As of last Friday, I completed my initial three weeks of full-time training. I went in to work one time this week to be signed off. Other than that, I haven’t been practicing. I’m kind of scared that I’m going to lose some of what I’ve learned…though a few days on desk for the amount of time I have experienced on a daily basis, should kick that right back in, for me.

I could also be reviewing my notes, from those last three weeks. Even with my attempt to write down only that which I did not know or recall, I filled up enough pages that I had to buy a bigger binder. Don’t worry, it’s done…and apparently a Kokuyo 20-hole binder for A5 paper will also fit Maruman 20-hole A5 paper. Don’t quote me on that, though.

Right now we have a guest, which has me thinking on the actuality of the possibility of taking a job nearer to them. This has caused me to remember plans for joining them, and the potential relevance of my learning Japanese language. It’s almost useless where I am now, but would be used daily at the place to which we’re considering moving.

So…this week has given me the opportunity to check out what I actually will want to do for the foreseeable future. Let’s say the next 5 years. This would impact me especially where it comes to furthering my acquisition of a second language. I have a choice between español (Spanish) or nihongo (Japanese), for a language I would have a head start in picking up. Which I choose, depends on where I expect myself to be in the future.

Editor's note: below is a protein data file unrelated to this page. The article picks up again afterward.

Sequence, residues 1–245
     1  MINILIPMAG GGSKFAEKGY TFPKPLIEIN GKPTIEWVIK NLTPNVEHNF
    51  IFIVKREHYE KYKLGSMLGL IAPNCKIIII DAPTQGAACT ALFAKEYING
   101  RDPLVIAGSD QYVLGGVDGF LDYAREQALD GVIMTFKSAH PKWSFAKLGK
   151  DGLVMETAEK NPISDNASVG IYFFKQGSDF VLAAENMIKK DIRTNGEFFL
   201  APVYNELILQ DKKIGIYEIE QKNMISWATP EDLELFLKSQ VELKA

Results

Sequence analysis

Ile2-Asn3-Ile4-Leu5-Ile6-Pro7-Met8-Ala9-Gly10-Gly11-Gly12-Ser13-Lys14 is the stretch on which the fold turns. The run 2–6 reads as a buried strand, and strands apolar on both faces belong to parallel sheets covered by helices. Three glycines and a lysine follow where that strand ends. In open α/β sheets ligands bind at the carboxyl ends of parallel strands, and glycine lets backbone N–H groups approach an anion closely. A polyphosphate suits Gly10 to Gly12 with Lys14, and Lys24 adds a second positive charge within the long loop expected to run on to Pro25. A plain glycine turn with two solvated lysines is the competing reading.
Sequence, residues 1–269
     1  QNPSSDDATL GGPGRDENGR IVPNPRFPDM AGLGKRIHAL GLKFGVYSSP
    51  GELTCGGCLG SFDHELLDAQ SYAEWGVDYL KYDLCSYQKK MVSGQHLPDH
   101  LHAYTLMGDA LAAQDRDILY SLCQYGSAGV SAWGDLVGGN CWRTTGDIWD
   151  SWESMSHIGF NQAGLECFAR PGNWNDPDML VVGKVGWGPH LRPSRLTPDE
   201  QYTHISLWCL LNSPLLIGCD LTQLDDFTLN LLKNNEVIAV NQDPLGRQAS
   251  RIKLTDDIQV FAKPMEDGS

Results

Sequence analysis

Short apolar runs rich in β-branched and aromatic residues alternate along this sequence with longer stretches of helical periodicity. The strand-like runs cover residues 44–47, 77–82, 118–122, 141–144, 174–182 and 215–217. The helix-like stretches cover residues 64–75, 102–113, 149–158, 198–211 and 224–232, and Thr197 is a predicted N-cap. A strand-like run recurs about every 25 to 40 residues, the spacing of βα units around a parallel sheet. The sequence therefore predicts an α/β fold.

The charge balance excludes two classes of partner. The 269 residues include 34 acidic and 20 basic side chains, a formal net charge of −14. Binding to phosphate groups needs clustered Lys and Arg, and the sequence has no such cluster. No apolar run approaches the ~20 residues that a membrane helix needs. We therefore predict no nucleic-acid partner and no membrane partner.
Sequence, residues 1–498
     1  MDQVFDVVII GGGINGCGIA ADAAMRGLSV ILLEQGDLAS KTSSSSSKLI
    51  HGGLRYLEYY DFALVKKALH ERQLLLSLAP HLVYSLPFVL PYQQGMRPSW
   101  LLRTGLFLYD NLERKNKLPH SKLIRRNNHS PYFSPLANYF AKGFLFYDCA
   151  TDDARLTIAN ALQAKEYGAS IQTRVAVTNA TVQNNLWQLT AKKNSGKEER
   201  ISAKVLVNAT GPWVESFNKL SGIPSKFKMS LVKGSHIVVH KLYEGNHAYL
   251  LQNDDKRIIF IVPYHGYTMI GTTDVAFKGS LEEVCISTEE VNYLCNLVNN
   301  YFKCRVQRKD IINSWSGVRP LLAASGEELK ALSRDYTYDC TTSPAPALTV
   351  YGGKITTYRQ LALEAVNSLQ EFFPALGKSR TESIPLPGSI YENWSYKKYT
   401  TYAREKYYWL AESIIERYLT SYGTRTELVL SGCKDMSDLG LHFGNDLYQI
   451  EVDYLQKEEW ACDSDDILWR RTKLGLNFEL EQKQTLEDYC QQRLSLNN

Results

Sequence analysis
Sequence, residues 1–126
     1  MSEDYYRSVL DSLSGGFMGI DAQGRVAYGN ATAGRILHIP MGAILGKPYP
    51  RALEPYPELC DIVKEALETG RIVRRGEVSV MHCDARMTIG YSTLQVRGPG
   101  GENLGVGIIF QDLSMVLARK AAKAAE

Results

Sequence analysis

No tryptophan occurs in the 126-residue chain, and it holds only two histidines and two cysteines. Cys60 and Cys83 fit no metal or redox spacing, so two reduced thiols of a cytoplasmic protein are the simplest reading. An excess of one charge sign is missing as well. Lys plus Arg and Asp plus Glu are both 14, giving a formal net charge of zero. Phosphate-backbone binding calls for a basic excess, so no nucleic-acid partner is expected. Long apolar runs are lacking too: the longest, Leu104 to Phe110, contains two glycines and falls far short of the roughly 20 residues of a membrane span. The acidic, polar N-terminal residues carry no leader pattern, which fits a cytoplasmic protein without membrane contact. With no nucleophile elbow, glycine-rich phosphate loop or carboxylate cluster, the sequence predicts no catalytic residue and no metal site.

Based on my experience in learning Spanish language in middle and high school…I would say that most of my discouragement in learning the language, aside from a certain integral component (the fact that all nouns have a gender, which profoundly impacts me as a person who now considers themselves gender-nonbinary), has been in not wanting to be like my teachers. That sounds kind of harsh, but in my experience (in three out of five teachers — and one of the other two teachers was a native speaker, until he got fired) there was definitely a certain type of person — in my school district — who became a Spanish-language teacher.

Nor am I really confident in my Spanish-language skills. But I know enough so that when I start to read something written in Spanish language, I can get the gist of what’s meant. My major difficulty is then with vocabulary. There is also the point that the people I’ve known who have natively spoken Spanish, have been a lot more down-to-earth than my past teachers.

It wasn’t quite until I began reading things in English that looked like they had originally been written for Spanish speakers, that I started to take interest in the language again (I had originally chosen Spanish over French because it was more widely applicable in the Americas; these two languages were the only two I had access to in my regular public school setting). Then there is the issue of International Relations which are just being trashed with Latin America right now…it wasn’t great to be estadounidense in Central and South America before: I don’t expect it to be easier, now.